Causation has (has it?) an essential relation to time. If some event caused some other event, then the former was previous. But we hear from scientists that time is just one dimension of space-time and indeed that there may be (or might have been) some more dimensions, other than space and time. Should there be analogues of causation related to the other dimensions? Should there be a wider category than causation encompassing all those analogues? Isn't this all a bit perplexing?

Really, it's not perplexing. The connection between causation and time is that causation implies time. A cause has to precede its effect. Now why is that? Some philosophers have thought that the proposition 'A cause precedes its effect' is synthetic a priori . Others have thought, more plausibly, that it tells us part of what a cause is , so it's analytic. (A cause might be a certain juxtaposition of conditions, for example. In that case the cause and the effect could be almost simultaneous.) Still others have thought that a cause can occur after its effect. Even then, though, causation has a relationship to time. And there is the so-called "bilking" argument. If a cause can occur after its effect, all we have to do is wait for the effect to occur, and then prevent its cause from occurring. The fact that this is possible shows that there cannot be reverse causation, i.e. causation in which the effect comes before the cause. As to other dimensions - is there an analogue to causation in them? (1) Are...

The philosopher, Rene Descartes, has said that it is possible to doubt all things except the existence of oneself (cogito ergo sum); that it cannot be doubted, despite how hard one endeavors. However, I am often questioning if that proposition is "truly" "indubitable". I desire to know if there have ever been any well-known or ancient philosophers who had not "concurred" with Rene Descartes regarding the cogito ergo sum; or if there are modern philosophers with great reputation, prestige, or respect within the philosophical community, who believe that the cogito ergo sum is "not" indubitable? Otherwise stated, it is "possible" to "doubt" the existence of oneself.

There are plenty of philosophers who have not agreed with Descartes' line of thought here, though they are not "ancient" philosophers, as Descartes did not propound the "proof", if that is what it is, until 1637, in the Discourse on the Method and, in a slightly different form, in 1641 in the Meditations . You can find some interesting material in the "Objections" to the Meditations , for example the Fifth, by Gassendi, or the Fourth, by Arnauld. Hobbes too, in the Second Objection, makes of Descartes' argument a triviality. How (he asks) can I know that I am thinking? 'It can only be from our ability to conceive an act without its subject. We cannot conceive of jumping without a jumper . . .'. Through the centuries Descartes' dictum has come under even more fire from different directions, for example from A.J. Ayer in Chapter 2 of Language, Truth and Logic . Descartes was only entitled to say that 'There is a thought now,' not 'I think', i.e. 'There is an I and it thinks', because...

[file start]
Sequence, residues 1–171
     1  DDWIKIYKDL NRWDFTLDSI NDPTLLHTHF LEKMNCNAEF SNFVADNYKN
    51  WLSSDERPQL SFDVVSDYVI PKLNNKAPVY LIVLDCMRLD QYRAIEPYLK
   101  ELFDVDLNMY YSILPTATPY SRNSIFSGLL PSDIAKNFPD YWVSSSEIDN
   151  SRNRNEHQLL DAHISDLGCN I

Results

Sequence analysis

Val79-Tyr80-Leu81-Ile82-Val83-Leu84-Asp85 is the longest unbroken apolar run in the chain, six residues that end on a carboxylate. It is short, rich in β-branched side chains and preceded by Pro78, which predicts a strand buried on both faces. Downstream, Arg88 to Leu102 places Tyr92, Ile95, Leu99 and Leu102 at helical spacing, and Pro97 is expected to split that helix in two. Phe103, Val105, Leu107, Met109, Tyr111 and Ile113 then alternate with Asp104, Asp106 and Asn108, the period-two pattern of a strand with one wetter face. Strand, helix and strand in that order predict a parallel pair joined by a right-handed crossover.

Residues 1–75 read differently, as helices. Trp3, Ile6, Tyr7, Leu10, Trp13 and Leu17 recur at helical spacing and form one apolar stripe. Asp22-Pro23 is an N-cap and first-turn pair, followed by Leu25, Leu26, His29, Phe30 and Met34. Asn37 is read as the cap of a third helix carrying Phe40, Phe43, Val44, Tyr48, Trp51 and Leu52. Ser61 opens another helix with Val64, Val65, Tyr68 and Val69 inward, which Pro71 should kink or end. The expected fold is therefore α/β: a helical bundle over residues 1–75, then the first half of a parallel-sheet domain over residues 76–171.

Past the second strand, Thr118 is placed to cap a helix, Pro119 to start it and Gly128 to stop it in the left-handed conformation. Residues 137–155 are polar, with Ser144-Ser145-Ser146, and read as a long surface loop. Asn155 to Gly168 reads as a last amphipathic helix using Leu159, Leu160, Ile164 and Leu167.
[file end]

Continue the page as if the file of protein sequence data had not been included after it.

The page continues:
What are your main objections about the way philosophy is taught to undergraduates today and is it any different than the way it was taught during your time as an undergrad? Just how much say do professors in philosophy have over what they want to cover? I only took two philosophy courses in school, but I found that the topic material was overly broad and covered too many philosophers; even the professors seemed overwhelmed with the readings. I think it would be more worthwhile if perhaps the students decided at the beginning of courses specifically on no more than three philosophers/topics to cover intensely since specialization results in a greater degree of understanding instead of general unconcentrated knowledge.

There are I think no objections to the way philosophy is taught to undergraduates today in US and UK universities. Courses are on the whole very well taught, there is a an emphasis on clarity and often on originality, and students learn a great deal of respect for decent argument, as well as sound scholarship. Courses on the history of philosophy have never been better, and this is true of courses in other areas as well. I believe you when you say that your school philosophy courses was too broad and "even the professors seemed overwhelmed with the readings." I have noticed this kind of thing before. You are absolutely right that "specialization results in a greater degree of understanding", though there is a place for the well-taught survey course. If I were going to offer a course on three philosophers, I would want the three to have a strong link, so for example a course on "Descartes, Spinoza and Leibniz", "Stewart, Reid and Hamilton", or "Russell, Moore and Wittgenstein".

Just what is the difference between a lawyer and a legal philosopher? Does the legal philosopher care more for metaethics and less for social norms?

A lawyer is someone who practises law, or perhaps studies it, an attorney (in the US) or a barrister or solicitor (in the UK), someone who might have little or no interest in the philosophy of law, or in the the concept of law in the abstract. A legal philosopher, on the other hand, is a philosopher, often or typically today an academic person, one who studies and perhaps contributes to the philosophy of law. The philosophy of law is one of the subject areas within philosophy (such as the philosophy of science, the philosophy of religion, ethics, the theory of knowledge, metaphysics, and so on) in which one studies the question 'What is law?' - to be distinguished of course from the question 'What is the law ?' - which is not a philosophical question at all. Or a philosopher of the law might be interested in the question what it is that makes law "valid". There is little doubt what the laws were in say 1935 Germany, e.g. the Nuremberg laws prohibiting the marriage of citizens ("Staatsangehoerigen")...

Why do so many scholars and intellectuals think that language is necessary for thought?